an ounce of prevention is worth a pound of cure

Discussion in 'English Only' started by igma, Jun 17, 2010.

  1. igma Banned


    Just want to know if this expression is widely used in the US and UK as well.

    thak you
  2. sdgraham

    sdgraham Senior Member

    Oregon, USA
    USA English
    This seems to be one of those old adages that our grandmothers used and which we (at least in my experience) all know, but never use because it has become trite as well as out of date.
  3. sound shift

    sound shift Senior Member

    Derby (central England)
    English - England
    Some people might use this. I am familiar with it but I don't use it.
  4. Loob

    Loob Senior Member

    English UK
    I've never heard this.

    I might, instead, say "a stitch in time saves nine".
  5. igma Banned


    it looks as if the proverb an ounce of prevention is worth a pound of cure has been replaced by a stitch in time saves nine.

    thank you
  6. sdgraham

    sdgraham Senior Member

    Oregon, USA
    USA English
    That equally obsolescent adage is probably even more obscure these days since, I believe, more torn clothes are replaced these days than repaired ... as was the case in olden days from whence the adage comes.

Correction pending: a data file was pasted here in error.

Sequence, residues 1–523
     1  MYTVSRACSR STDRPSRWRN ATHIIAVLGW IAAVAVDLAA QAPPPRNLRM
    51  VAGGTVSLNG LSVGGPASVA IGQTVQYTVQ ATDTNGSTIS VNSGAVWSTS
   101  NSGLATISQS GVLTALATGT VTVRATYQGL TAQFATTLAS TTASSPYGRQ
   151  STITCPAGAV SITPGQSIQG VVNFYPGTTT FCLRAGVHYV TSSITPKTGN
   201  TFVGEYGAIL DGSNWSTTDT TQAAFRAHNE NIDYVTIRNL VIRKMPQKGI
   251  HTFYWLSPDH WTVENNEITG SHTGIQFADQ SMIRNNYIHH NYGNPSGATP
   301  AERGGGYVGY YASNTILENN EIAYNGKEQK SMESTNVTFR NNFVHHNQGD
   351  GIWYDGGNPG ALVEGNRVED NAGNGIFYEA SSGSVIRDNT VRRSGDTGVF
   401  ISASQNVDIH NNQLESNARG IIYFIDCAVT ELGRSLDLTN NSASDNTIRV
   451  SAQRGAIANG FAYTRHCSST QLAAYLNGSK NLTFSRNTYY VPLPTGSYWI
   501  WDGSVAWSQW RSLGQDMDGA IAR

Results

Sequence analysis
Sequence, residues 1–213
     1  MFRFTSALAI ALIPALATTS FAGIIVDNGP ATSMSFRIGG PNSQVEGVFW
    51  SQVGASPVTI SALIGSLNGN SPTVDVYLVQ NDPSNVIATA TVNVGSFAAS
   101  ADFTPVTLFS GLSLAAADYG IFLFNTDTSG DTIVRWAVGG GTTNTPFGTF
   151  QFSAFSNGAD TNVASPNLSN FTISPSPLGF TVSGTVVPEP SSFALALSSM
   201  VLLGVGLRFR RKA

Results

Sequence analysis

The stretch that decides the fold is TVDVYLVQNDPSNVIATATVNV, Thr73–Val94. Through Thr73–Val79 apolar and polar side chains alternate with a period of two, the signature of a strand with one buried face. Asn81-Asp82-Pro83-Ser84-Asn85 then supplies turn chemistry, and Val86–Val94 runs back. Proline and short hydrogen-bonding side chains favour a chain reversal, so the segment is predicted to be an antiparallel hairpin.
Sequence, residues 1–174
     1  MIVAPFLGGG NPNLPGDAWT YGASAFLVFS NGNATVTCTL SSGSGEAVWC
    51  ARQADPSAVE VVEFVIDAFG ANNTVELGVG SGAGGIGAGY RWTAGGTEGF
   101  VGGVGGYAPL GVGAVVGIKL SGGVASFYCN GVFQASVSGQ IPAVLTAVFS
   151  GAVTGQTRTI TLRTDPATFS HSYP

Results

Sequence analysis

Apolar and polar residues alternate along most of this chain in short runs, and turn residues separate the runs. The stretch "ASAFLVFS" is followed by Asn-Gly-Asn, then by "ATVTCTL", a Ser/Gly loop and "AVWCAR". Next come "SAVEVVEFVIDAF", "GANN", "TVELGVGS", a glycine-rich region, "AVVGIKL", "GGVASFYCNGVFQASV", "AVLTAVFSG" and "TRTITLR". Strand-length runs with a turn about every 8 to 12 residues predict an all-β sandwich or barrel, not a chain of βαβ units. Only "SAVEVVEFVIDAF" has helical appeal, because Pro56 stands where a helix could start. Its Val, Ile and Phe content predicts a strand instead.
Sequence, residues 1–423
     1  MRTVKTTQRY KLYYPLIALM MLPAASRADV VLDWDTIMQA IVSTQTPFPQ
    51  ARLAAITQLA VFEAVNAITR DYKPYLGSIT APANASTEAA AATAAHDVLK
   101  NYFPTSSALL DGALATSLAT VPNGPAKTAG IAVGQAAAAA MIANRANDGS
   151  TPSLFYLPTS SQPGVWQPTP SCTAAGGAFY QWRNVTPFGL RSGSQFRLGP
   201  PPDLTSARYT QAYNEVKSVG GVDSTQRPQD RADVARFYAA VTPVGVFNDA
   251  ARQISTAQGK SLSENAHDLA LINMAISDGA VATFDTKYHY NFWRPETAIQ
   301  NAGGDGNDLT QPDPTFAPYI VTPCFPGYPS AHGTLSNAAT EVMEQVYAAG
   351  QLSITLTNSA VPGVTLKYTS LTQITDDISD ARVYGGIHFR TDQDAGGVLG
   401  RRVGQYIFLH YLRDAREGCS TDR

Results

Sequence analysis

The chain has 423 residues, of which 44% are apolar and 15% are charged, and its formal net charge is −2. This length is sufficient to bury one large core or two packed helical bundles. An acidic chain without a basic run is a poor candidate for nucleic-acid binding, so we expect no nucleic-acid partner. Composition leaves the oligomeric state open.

7. Hermione Golightly

    Hermione Golightly Senior Member

    British English
    "Prevention is better than cure" would be the modern equivalent.

    I never know what to reply to this sort of question. Native speakers use these expressions every now and then, I suppose. I referred to this one recently in fact discussing with my "worse half" that he wasn't eating enough fruit and vegetables.
    I started with a fleeting reference to the current "Five A Day" slogan. "We really aren't getting our " Five A Day", you know; "an apple a day" and all that .......".

    I have the strong impression that younger people do not use these sayings. We "studied" them or were familiarised with them in junior school, with exercises such as
    "Explain in simple English the meaning of the saying 'A rolling stone gathers no moss"." I am talking about 55 years ago. I doubt they were used that much in my parents' generation, certainly I can't recall my parents ever using one of them. But my grandma did: she died in 1963 aged 91!

    Like Loob, I'd say that "A stitch in time saves nine" is more likely to be heard and more often used.

    I find it hard to believe that there are more of these sayings in English than in other languages. Maybe it really is a particular feature of English, but why did I never have to study sayings in the other languages I know well, French and German.

    Last edited: Jun 17, 2010
  8. Hermione Golightly

    Hermione Golightly Senior Member

    British English
    Very well put !

    They are mostly irrelevant these days.

  9. sound shift

    sound shift Senior Member

    Derby (central England)
    English - England